Soliflorals, fragrances based around a single flower, have a school-marmish reputation. Orange blossom and tuberose have been made trendy (Jo Malone Orange Blossom) and chic (Frédéric Malle Carnal Flower), but the idea of wearing a straightforward rose or lavender perfume still doesn’t excite many women. One might as well ask them to don an apron over a house dress and host a tupperware party. Carnation perfumes fare worst of all. Take a look at any consumer survey at fragrance marketing departments, and you’ll see all sorts of derogatory adjectives next to this classical note–“dated,” “fusty,” “old-fashioned,” or the ultimate insult, “boring.”
This is a shame, because it means that those of us who love carnations for their opulent spicy scent get a short shrift. I’ve collected a number of classical carnation perfume bases (mixtures of natural and synthetic notes that are used as building blocks in fragrance compositions) and have been on a permanent quest to find as many interesting carnation perfumes as I can. L’Artisan Parfumeur reissued Oeillet Sauvage just in time for my mission.
Oeillet Sauvage was launched in 2000, and true to its name, “wild carnation,” it had zest and spice. If you knew Oeillet Sauvage back then, you’d agree with me that the new version isn’t the same. It’s much less spicy. To review it negatively based on the difference would be unfair, since there is precious little perfumers can do about regulations restricting the use of basic materials. So, I decided to blank out the memory of my carnation redolent college student self and wear Oeillet Sauvage as if we’d never met before.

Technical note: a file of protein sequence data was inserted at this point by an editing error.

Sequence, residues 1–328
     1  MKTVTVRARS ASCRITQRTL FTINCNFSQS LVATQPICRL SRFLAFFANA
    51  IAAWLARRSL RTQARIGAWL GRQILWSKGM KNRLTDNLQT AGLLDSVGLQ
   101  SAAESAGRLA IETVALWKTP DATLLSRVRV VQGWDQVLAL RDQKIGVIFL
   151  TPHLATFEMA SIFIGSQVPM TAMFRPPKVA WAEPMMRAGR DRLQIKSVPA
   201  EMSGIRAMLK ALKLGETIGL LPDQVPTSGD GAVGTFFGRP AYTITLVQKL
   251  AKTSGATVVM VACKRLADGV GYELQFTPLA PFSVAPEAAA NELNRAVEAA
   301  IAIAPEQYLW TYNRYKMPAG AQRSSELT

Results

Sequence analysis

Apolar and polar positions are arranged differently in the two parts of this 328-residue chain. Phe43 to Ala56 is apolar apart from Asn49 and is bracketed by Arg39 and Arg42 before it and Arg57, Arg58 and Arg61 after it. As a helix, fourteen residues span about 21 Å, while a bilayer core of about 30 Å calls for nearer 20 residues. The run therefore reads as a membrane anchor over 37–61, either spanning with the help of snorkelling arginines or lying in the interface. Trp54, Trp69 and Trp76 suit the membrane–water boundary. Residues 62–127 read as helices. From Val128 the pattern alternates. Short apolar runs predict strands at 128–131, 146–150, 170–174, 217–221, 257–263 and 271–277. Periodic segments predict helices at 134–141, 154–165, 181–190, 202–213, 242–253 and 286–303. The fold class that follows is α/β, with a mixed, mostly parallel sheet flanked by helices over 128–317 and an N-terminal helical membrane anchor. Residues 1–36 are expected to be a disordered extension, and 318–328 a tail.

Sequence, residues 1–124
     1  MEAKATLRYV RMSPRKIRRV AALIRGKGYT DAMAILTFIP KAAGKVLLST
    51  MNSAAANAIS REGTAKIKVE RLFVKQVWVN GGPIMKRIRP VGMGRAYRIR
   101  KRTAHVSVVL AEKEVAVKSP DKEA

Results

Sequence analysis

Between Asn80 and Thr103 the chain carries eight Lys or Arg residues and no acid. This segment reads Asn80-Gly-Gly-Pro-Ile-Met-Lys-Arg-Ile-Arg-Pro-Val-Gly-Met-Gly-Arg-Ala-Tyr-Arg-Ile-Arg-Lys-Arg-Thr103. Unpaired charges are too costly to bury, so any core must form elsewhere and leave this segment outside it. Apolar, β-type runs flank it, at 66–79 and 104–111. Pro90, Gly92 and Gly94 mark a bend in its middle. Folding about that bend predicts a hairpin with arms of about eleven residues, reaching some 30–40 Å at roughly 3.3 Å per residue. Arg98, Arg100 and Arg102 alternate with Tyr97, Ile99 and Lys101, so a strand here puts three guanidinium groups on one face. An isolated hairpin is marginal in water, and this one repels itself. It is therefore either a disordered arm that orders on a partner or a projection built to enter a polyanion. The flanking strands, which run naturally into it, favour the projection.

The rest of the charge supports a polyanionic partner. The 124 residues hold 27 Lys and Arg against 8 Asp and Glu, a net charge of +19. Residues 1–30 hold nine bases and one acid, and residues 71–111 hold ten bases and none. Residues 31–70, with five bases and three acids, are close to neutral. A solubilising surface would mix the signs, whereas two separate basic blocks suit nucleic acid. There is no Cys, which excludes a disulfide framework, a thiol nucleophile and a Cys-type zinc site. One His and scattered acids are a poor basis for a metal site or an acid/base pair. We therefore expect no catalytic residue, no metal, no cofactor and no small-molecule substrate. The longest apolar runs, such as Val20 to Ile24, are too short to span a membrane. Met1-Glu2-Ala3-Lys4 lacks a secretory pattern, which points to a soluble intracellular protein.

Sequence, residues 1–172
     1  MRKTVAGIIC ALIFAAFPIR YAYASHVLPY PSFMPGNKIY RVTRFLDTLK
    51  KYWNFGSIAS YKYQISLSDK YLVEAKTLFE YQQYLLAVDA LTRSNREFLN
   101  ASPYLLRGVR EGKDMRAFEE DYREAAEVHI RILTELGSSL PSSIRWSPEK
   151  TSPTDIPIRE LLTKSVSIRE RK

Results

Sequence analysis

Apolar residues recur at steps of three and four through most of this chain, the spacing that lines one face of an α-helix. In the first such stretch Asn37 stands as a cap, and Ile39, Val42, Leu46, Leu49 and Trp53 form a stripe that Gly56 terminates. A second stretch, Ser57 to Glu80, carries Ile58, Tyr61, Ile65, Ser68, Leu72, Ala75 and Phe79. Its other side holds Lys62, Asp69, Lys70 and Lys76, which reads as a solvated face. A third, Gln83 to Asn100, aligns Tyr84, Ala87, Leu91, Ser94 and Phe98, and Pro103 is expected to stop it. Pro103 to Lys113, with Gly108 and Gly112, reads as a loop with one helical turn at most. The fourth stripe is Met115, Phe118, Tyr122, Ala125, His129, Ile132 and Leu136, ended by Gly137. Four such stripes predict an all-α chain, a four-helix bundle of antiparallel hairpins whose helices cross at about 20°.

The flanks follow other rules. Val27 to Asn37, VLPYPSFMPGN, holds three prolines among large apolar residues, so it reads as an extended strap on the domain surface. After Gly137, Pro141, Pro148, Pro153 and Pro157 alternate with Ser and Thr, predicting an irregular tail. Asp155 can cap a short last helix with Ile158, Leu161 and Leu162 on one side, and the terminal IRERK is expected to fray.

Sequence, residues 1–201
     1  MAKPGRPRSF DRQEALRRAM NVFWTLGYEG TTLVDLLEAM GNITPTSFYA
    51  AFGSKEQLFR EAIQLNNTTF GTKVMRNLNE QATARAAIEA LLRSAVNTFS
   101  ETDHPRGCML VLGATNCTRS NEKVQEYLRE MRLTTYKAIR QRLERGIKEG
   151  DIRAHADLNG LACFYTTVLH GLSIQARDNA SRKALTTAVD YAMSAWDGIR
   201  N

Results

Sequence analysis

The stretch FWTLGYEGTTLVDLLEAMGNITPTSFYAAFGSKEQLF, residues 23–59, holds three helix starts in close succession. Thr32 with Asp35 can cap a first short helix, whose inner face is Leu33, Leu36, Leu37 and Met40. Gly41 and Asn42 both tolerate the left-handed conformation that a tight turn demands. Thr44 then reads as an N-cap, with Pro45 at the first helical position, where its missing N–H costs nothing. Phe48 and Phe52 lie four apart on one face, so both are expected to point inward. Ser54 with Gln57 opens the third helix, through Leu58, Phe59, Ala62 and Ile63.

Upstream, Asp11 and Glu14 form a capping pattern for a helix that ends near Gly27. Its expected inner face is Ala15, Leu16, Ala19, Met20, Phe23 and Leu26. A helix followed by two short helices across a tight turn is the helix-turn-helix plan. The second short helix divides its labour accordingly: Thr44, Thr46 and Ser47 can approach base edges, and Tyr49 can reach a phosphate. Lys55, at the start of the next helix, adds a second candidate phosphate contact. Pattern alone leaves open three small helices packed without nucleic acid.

Oeillet Sauvage has a bland start that would confirm the fears of those who see carnation as too prim & proper. A note of black pepper is so curiously blanched and mild that it barely registers. There are loads of rose and jasmine, and they remain sheer, airy and bright as the perfume develops. Stay with me though, or rather, don’t dismiss the perfume just yet. The best part of Oeillet Sauvage is the drydown. It smells velvety and creamy, with a clear accent of clove, and the contrast between the musky flowers (a mixture of lily and carnation) and spice is addictive. It also smells, for the lack of a better word, natural, replicating the sensation and texture of petals.
In sum, most of you won’t need this perfume–attractive florals are a dime a dozen. The exceptions are the die-hard carnation lovers who refuse to believe in the inherent dowdiness of this note but still want a modern interpretation to wear alongside such classics like Caron Bellodgia and Estée Lauder Cinnabar. Unless you’re willing to spend even more on Aedes’s Oeillet Bengale, L’Artisan’s version might be the next best thing.
Or am I missing something better?
L’Artisan Parfumeur Oeillet Sauvage includes notes of carnation, rose, ylang-ylang, lilac, black pepper, pink pepper, cedarwood, and musk. 100ml (3.4oz) bottles of Eau de Toilette, 100€.